(CNN) - Developers in Southern California are building what they say will be the first 3D-printed zero net energy neighborhood in the United States.
Palari Group said it plans to build 15 eco-friendly 3D-printed homes on a five-acre parcel of land in Rancho Mirage, an upscale community in the Coachella Valley, near Palm Springs.
The 1,450 square foot, single-story homes will be made from a stone composite material that is strong, fire resistant, water resistant and termite proof, Palari Group founder and CEO Basil Starr told CNN.
The homes will be made of modular panels that are printed out by their partner Mighty Buildings at a facility in Oakland and are assembled at the building site "kind of like Lego blocks," Starr said.
Starr said his company, which is focused on sustainable building techniques, turned to 3D printing because it is less wasteful.
"In wood frame construction there's a significant waste that is generated for the home that's being built, it's about two tons of waste that goes into landfills," Starr said. "And with 3D printing, it's a revolutionary way of building that completely eliminates that unnecessary waste." Bathrooms, cabinets and other interior materials that can't be 3D printed are sustainably sourced.
The three-bedroom, two-bathroom homes will come with a deck and a swimming pool and will have a starting price of $595,000. Buyers will be able to add a smaller, two-bedroom, one-bath secondary residence on the property for another $255,000.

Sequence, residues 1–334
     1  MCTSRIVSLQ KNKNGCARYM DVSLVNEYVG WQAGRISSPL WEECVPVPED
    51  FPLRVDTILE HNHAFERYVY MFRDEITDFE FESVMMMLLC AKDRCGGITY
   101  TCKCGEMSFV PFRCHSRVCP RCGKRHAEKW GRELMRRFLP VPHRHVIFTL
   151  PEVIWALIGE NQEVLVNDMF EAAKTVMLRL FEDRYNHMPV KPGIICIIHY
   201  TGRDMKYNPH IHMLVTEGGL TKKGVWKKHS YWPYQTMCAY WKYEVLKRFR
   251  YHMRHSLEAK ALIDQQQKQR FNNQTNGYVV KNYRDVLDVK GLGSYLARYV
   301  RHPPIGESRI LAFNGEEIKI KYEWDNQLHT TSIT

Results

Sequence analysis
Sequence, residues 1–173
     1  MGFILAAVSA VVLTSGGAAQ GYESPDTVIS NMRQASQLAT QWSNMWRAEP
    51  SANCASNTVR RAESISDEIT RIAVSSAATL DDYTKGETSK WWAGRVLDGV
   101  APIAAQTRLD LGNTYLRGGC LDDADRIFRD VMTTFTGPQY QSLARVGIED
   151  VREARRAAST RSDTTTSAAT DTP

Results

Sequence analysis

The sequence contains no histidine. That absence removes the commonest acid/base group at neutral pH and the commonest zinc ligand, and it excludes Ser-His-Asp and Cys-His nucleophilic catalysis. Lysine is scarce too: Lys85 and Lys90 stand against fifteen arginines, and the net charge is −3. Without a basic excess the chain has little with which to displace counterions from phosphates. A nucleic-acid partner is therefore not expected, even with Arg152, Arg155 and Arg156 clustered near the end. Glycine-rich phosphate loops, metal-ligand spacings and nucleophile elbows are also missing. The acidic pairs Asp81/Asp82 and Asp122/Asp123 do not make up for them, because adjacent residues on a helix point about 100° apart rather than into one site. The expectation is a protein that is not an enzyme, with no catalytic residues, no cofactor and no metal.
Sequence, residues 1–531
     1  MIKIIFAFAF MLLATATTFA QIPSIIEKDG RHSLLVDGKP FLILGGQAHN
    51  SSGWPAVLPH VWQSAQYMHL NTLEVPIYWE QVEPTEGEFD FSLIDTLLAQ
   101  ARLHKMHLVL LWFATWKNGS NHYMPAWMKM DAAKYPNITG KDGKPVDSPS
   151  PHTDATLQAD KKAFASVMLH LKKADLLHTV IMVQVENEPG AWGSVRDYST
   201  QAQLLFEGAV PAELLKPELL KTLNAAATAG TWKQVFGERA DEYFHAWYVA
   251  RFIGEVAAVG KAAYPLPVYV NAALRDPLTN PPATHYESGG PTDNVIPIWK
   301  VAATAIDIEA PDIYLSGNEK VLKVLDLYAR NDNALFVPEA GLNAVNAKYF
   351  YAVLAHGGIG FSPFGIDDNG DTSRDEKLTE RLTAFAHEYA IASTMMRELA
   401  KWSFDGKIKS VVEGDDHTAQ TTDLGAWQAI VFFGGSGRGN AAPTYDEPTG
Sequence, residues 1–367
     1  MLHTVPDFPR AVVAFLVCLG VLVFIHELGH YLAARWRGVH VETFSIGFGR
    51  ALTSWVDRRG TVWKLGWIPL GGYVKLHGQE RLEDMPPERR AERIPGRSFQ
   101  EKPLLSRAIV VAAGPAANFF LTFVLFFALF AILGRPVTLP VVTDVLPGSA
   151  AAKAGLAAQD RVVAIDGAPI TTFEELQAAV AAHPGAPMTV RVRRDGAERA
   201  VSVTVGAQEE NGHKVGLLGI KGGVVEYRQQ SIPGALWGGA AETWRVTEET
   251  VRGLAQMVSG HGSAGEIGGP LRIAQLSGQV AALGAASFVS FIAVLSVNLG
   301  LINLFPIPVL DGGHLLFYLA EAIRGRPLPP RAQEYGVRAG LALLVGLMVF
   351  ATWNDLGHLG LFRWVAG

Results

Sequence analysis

All energy needs will be supplied by solar power, and owners will have the option to install other options like the Tesla Powerwall, fire pits, cabanas and outdoor showers.
The average owner-occupied home value in Rancho Mirage is $825,738, according to the city's website.
Palari Group said it plans to break ground in September and complete the project by Spring 2021.
Starr said that once construction begins, the company will be able to move more quickly than with traditional construction.
Mighty Buildings, he said, can print the panels for the houses at the same time they build roads, foundations and install utilities at the site.
Potential buyers have already put down $1,000 refundable deposits to get a spot on the reservations list, Starr said. Palari Group is looking at building additional developments in Rancho Mirage and possibly other parts of California.
Rancho Mirage isn't the only 3D-printed home project making news.
Austin-based construction technology company ICON is working with Kansas City developer 3Strands to build four 3D printed homes in East Austin that are scheduled to be move-in ready by in June or July.